Benedikt Braumann, a national of Austria, is macroeconomic consultant for the Swiss Ministry of Economics (SECO). He worked previously at the Swiss Central Bank as director for central banker courses, and as a senior economist at the IMF, where his professional interest in Paraguay began in 1998. Since then, he has been visiting the country regularly in monitoring and negotiation missions for the IMF and to provide advice, technical assistance, and capacity-building seminars. Mr. Braumann holds a Ph.D. from the University of St. Gallen, Switzerland.
Luís Duran-Downing, a national of Nicaragua, pursued his undergraduate degree in political science at the University of Grenoble, France, and his Ph.D. in economics at the University of Chicago. Before joining the IMF in 1979, he worked for the Central Bank of Nicaragua, including as deputy general manager. Mr. Duran-Downing held several positions at the Western Hemisphere (WHD) and Policy Development and Review Departments of the IMF, including those of resident representative in Uruguay; head of division for operations in Bolivia, Chile, and Peru; and WHD assistant director. While on leave from the IMF during 1997—2000, Mr. Duran-Downing assisted the president of Nicaragua in the coordination of economic policies. His last assignment was as resident representative in Paraguay, before his retirement from the IMF at the end of 2007.
Florencia Frantischek, a national of Chile, is a senior economist in the Southern I Division of the IMF’s Western Hemisphere Department and is currently working as a desk economist for Ecuador. She has worked as desk economist for several countries of the Western Hemisphere Department, including Paraguay. Ms. Frantischek graduated from the University of Chile with a degree in economics, and has a Ph.D. in economics from the University of Boston. Prior to joining the IMF, she worked at the University of Chile.
José Giancarlo Gasha, a national of Peru, is an economist in the Asia and Western Hemisphere Division of the IMF’s Monetary and Capital Markets Department. Mr. Gasha holds a B.A. in economics from Universidad del Pacífico in Perú, and an M.A. and a Ph.D. in economics from the University of Pennsylvania. Prior to joining the IMF, Mr. Gasha worked for the World Bank, the Financial Corporation for Development (public Tier-II bank), Interbank (private commercial bank), and the Universidad del Pacífico in Peru.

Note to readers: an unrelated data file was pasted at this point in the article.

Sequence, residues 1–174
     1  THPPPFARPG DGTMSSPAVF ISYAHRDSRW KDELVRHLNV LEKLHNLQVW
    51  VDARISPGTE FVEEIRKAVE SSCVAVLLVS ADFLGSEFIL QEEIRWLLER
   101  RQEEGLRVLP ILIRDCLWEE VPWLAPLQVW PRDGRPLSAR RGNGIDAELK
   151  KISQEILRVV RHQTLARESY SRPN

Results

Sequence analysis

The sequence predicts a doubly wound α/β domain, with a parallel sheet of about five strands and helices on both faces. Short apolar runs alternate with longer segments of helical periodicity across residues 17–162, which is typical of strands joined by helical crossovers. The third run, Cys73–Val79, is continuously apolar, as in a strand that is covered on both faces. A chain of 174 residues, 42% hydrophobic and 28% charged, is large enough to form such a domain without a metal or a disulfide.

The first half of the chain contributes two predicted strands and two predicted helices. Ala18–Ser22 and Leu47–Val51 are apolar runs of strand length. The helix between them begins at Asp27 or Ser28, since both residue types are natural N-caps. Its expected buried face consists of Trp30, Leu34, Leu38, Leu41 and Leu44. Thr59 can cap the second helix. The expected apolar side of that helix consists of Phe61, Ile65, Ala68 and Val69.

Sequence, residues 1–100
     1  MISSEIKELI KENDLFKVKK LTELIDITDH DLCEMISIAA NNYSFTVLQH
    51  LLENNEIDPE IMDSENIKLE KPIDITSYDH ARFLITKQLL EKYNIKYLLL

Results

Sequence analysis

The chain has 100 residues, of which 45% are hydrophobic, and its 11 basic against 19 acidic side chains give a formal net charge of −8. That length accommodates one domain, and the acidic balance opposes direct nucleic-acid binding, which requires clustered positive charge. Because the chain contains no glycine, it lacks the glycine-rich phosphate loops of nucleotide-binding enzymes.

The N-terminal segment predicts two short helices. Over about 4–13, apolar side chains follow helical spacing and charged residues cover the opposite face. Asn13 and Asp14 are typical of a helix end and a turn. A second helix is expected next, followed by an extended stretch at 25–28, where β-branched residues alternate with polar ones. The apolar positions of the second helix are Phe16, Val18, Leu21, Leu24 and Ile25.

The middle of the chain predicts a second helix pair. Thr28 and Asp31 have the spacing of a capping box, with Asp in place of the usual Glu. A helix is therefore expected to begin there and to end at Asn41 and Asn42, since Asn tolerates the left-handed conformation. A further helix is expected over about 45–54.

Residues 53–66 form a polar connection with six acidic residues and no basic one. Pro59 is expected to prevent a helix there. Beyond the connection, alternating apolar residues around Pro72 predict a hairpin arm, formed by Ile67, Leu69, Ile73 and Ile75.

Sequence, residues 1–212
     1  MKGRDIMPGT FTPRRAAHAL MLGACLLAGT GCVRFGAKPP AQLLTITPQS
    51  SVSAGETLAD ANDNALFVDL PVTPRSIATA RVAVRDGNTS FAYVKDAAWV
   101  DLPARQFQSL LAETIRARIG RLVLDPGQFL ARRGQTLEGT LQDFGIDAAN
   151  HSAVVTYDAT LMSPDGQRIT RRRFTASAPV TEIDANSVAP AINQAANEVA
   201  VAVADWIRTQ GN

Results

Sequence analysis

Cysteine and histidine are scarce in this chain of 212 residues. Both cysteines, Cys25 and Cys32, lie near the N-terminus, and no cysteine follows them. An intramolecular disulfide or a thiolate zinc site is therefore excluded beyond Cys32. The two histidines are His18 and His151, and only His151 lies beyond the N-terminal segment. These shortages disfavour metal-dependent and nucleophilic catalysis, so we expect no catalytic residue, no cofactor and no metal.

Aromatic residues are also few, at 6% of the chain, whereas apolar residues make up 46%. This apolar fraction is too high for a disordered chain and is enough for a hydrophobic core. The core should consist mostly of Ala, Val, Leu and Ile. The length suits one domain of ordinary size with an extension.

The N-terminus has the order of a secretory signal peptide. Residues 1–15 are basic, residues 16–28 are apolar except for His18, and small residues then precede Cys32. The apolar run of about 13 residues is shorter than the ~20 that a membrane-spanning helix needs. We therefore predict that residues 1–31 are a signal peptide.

Montfort Mlachila, a national of Malawi, is a senior economist in the Southern II Division of the IMF’s Western Hemisphere Department. Mr. Mlachila graduated from the University of Grenoble with a B.Sc. in economic and an M.Sc. in econometrics, and from the Graduate School of the University of Auvergne Clermont-Ferrand, France, with a M.Phil in economics. Prior to becoming desk economist for Paraguay, he worked on the Caribbean; before joining the Western Hemisphere Department, he worked in the Policy Development and Review Department. He worked at the Reserve Bank of Malawi before he joined the IMF.
Pablo Molina, a national of Colombia, is a country economist in the Southern Cone Department of the Inter-American Development Bank (IDB). Mr. Molina, a civil engineer from the Industrial University of Santander in Colombia, has a Ph.D. in economics from the University of Illinois at Urbana-Champaign. Prior to joining the IDB he worked at the Central Bank, the Ministry of Finance, and the Controls Office in Colombia.
Brieuc Monfort, a national of France, was a desk economist for Paraguay in the IMF’s Western Hemisphere Department while contributing to this book. He is now working in the Euro 1 Division of the European Department as desk economist for France. He studied economics at École Nationale de la Statistique et de l’Administration Économique and Ecole Normale Supérieure in Paris, France, and at Harvard University in the United States. Prior to joining the IMF, he worked for the French Ministry of Finance and at the French Embassy in India.
Santiago Peña, a national of Paraguay, is an economist in the Resident Representative Office of the IMF in Paraguay. Mr. Peña holds a B.A. in economics from the Catholic University of Asunción and a M.A. in economics from the School of International and Public Affairs at Columbia University in New York City. Prior to joining the Resident Representative Office of the IMF in Paraguay, he worked as an economist in the Economic Research Department of the Central Bank of Paraguay.